Success Of Sperm Donor Age and Infertility Treatment

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It’s sperm quality rather than a man’s age conducive to conceive healthy children. This is what affirms a major study investigating the effects of a man’s age on fertility treatment outcome, presented at the annual conference of the European Society of Human Reproduction and Embryology (ESHRE), in Munich, Germany.

Sperm Donor

Sperm Donor

Earlier it was assumed that a man’s sperm quality deteriorates with age and affects the chances of fertilization. But this new study claims that getting sperm from older donors, up to the age of 45, does not compromise the chances of getting pregnant. This study also indicates that the quality of sperm plays a major role in conceiving children, not the male’s age. This study came as a surprise while the current UK guidelines do not generally permit taking sperm from men above age 40 and in the USA it’s 39.

Through the study, from 1991 to 2012, the researchers examined approximately 39,000 first fertility treatment cycles (either IVF or donor insemination) out of more than 2,30,000 sperm donation cycles, involving sperm donations from men aged between under 20 and 45. Notably, the sperm donor’s age did not affect the live birth rates. The live birth rate in the female group that received sperm from younger men is about 28.3 percent and 30.4 percent in another female group with older sperm from IVF treatment.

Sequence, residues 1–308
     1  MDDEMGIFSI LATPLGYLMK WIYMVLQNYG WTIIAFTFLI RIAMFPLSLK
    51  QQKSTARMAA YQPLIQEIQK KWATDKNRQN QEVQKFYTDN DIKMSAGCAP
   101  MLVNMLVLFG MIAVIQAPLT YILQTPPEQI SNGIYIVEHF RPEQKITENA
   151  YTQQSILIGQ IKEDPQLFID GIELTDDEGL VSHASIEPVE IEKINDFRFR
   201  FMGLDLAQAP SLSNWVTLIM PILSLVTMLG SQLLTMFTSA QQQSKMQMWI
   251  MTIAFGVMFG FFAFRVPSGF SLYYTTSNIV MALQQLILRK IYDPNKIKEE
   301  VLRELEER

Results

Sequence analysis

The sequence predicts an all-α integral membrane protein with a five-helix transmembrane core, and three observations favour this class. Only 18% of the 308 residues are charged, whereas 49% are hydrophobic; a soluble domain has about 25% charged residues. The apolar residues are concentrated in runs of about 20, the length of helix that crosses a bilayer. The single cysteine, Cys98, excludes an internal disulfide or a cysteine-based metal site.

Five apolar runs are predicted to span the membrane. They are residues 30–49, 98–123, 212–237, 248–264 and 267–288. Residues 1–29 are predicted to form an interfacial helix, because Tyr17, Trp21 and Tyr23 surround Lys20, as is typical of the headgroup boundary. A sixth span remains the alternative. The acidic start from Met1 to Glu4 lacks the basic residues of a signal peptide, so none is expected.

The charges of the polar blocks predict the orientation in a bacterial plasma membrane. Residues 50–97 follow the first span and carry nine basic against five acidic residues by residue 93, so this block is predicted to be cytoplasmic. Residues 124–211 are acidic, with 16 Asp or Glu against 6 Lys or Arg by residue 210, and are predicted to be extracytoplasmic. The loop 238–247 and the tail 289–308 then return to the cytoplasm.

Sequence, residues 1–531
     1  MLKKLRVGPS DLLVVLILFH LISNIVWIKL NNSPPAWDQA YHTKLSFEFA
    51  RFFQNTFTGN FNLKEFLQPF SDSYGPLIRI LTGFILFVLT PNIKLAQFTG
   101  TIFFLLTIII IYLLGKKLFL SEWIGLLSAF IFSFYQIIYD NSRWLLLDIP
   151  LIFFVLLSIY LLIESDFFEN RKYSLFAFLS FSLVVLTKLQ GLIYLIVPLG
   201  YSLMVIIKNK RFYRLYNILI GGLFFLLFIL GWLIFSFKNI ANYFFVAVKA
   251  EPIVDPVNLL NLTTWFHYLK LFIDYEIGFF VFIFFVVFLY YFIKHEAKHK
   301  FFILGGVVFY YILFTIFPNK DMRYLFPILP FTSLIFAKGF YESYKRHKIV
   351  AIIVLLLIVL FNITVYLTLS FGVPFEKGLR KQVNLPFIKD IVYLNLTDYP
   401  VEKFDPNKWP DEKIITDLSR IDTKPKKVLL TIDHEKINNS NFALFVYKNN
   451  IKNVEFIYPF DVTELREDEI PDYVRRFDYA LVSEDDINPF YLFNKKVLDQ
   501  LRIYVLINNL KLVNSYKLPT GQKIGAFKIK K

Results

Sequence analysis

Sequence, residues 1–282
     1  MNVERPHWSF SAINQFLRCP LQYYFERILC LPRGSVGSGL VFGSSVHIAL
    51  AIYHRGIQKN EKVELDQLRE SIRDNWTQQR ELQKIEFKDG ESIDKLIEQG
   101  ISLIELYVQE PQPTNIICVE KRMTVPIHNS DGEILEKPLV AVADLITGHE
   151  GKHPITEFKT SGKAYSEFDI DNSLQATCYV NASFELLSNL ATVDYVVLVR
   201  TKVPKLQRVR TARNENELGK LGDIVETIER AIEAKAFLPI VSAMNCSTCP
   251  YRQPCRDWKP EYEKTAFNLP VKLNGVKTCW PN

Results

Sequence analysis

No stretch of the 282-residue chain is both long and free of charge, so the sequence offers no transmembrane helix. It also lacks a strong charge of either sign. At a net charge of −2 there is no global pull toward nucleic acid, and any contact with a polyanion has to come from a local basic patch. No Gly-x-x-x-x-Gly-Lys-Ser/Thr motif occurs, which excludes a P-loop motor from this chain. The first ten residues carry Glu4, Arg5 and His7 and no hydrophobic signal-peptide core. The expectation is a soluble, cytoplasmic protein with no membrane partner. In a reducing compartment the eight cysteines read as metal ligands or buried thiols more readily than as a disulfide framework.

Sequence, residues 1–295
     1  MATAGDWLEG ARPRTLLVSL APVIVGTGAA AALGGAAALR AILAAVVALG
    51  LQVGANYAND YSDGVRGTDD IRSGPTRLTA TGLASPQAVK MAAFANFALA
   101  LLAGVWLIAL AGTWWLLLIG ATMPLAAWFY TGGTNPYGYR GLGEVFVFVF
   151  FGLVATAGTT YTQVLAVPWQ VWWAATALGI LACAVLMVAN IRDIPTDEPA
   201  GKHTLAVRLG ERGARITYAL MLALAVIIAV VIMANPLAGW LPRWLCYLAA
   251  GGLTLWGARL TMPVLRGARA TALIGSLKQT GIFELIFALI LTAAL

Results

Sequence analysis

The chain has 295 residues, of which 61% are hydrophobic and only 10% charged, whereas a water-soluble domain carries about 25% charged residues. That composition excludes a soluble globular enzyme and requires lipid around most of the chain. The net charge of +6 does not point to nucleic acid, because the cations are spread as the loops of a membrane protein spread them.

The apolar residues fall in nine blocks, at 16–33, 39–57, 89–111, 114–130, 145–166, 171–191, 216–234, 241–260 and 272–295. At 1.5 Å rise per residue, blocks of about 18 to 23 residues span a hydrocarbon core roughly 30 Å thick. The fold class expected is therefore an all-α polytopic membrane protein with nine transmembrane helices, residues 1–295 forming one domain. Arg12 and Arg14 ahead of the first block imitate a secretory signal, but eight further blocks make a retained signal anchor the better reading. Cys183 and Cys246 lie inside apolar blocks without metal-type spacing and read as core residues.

Either IVF or Donor Insemination

Either IVF or Donor Insemination

In the donor insemination process, the birth rate is 9.7 with younger sperm and rose to 12 percent with sperm from old age group. “Its sperm quality rather than male age that matters,” said Dr. Meenakshi Choudhary, who led the study with colleague Dr. Navdeep Guhman at Britain’s Newcastle Fertility Centre at Life “The take-home message is that live birth rate does not decline with the age of male donors up to the age of 45.” she further added.

However, this study underlined an important factor that the birth rates fall down with advancing ages in women (sliding from 29% in the age group of 18-34 to 14% in aged above 37). But it’s still a question getting conceived from an older male partner as earlier studies reveal children of aged fathers may be at an increased risk of genetic disorders and birth defects.

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